RIO DE JANEIRO (Reuters) - Brazil braced for a sharper-than-expected slowdown as a key indicator of economic activity fell on Thursday and the government reportedly considered easing curbs on credit and investment.
Latin America’s largest economy has been a rare global bright spot since last year. But it now appears to be braking more quickly than policymakers had anticipated as it feels the impact of Europe’s debt crisis and slack growth in the United States.
The economy may have shrunk in the third quarter of the year, according to an economic indicator that is seen as a guide to official gross domestic product figures due for release in early December.
The central bank’s IBC-Br economic activity index fell 0.32 percent in the three-month period, suggesting that Brazil’s economy may struggle to beat even the gloomier forecasts of a 3 percent rise in GDP this year.
The government of President Dilma Rousseff got a vote of confidence on Thursday when ratings agency Standard & Poor’s upgraded its sovereign debt by one notch to BBB, citing Brazil’s commitment to meeting fiscal targets.
But Rousseff’s administration is showing clear signs of concern at the growing momentum of the downturn, which the central bank has attributed to a “rapid and substantial” deterioration in the global outlook.
Among recent signs of a slowdown: a 10 percent fall in car sales in October from September and a 2 percent slump in industrial output in September from August.
The country’s major newspapers reported on Thursday that Rousseff had asked her economic team to unwind so-called macroprudential measures imposed over the past two years to cool signs of overheating in the economy.
The mix of tighter banking regulations and capital controls has included measures such as a tax hike on some types of loans to individuals and a rise in the so-called IOF tax on certain financial transactions -- one of a barrage of steps aimed at containing a surge in the Brazilian currency’s value.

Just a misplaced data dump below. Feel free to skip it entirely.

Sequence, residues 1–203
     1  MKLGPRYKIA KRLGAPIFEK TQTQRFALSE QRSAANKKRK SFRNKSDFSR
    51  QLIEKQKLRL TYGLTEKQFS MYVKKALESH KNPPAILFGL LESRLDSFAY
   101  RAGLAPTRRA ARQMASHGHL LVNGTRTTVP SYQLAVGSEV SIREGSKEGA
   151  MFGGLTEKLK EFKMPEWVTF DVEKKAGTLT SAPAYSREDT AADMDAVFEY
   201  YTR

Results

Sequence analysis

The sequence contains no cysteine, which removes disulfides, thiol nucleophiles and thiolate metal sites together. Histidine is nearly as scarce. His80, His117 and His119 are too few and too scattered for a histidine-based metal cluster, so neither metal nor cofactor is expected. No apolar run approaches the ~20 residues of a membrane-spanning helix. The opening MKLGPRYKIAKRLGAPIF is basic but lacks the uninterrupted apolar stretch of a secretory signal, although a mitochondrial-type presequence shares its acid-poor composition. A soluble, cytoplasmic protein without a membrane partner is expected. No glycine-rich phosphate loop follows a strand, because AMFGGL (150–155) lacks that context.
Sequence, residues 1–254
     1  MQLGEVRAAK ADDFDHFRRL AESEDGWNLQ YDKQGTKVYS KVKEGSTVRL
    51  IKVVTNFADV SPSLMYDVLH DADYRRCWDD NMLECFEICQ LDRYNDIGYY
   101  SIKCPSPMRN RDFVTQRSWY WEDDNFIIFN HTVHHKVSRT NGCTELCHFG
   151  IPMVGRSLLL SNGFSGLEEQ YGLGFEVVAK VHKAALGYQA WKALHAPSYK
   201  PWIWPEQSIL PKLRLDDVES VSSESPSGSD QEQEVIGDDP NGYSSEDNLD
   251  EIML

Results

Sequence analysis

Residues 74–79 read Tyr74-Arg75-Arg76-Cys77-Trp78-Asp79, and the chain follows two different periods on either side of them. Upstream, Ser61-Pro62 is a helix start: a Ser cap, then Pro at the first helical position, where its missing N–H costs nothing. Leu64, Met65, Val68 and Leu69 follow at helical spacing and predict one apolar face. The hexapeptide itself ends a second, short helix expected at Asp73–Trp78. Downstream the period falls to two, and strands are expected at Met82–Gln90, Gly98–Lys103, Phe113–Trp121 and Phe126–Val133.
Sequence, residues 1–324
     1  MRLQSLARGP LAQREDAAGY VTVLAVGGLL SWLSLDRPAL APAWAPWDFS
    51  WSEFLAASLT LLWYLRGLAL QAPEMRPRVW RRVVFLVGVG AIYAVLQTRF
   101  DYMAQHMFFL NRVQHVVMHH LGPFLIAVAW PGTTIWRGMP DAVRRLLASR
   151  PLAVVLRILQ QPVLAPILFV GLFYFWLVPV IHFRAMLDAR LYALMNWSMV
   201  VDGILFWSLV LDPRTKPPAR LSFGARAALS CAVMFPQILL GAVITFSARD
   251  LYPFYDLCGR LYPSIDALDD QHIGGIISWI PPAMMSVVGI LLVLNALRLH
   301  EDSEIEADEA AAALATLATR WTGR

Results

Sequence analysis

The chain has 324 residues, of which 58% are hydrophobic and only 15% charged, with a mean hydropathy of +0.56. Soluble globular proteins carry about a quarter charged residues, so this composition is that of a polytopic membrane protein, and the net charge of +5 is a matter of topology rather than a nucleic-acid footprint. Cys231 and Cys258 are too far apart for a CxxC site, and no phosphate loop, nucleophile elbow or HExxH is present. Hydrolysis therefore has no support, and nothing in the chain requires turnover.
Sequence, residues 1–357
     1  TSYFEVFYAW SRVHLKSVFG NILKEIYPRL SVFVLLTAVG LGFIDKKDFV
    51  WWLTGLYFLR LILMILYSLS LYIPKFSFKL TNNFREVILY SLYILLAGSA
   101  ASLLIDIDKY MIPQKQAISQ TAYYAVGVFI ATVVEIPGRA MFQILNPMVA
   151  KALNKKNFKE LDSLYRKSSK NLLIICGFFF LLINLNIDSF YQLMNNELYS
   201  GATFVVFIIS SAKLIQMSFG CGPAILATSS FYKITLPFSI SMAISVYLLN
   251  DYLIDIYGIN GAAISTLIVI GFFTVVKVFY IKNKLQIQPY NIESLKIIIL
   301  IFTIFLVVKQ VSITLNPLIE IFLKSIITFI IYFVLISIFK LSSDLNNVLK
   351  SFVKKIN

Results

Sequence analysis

The Estado de Sao Paulo newspaper reported that the government was considering removing the 2 percent IOF tax on the purchase of Brazilian stocks by foreigners.
Concern about the overvalued real has eased somewhat in recent weeks as the European crisis has scared investors away from emerging market assets, leading to drop of about 11 percent in the currency’s value in the past three months.
Unwinding macroprudential steps is likely to be the government’s initial response to the sharpening slowdown as it seeks to avoid loosening fiscal spending that Rousseff has pledged to keep in check, said Tony Volpon, head of emerging market research for the Americas for Nomura.
“They (the government) may panic and hit the fiscal button ... but immediately it is more on the macro, credit front where we will see action,” he said.
The central bank, which has already cut interest rates by 1 percentage point since August, could lower banks’ reserve requirements and unwind other taxes on consumer credit to boost lending, he said.
Central bank policymakers fired an initial volley last Friday when they allowed banks to set aside less capital for some consumers loans, which have grown rapidly and helped drive robust GDP growth of 7.5 percent last year. The decision marked a reversal in policy and underscored worries that the escalation of the sovereign debt crisis in Europe could reduce liquidity and freeze Brazil’s credit market.
But the bank faces a delicate task to stimulate the economy while keeping up its fight against stubbornly high inflation. which has raised doubts over the government’s commitment to its own inflation target.
The central bank sees the main IPCA inflation index up 6.4 percent this year, but acknowledges that it could exceed the target ceiling of 6.5 percent for the first time since 2003.
Central Bank President Alexandre Tombini has said that “moderate” interest rate cuts are consistent with inflation returning to target next year. Markets interpret that as signaling another 50-basis-point cut in the benchmark Selic rate at the next policy-setting meeting on November 30, taking the rate to 11 percent.
Economists who attended a meeting with a central bank director in Sao Paulo on Thursday said the view at the gathering was that Brazil’s growth should still be healthy next year, helped by the rate cuts and other measures.
Additional reporting by Alonso Soto in Brasilia, Jeb Blount in Rio de Janeiro and Jose de Castro, Silvio Cascione, Patricia Duarte and Luciana Lopez in Sao Paulo; Editing by Dan Grebler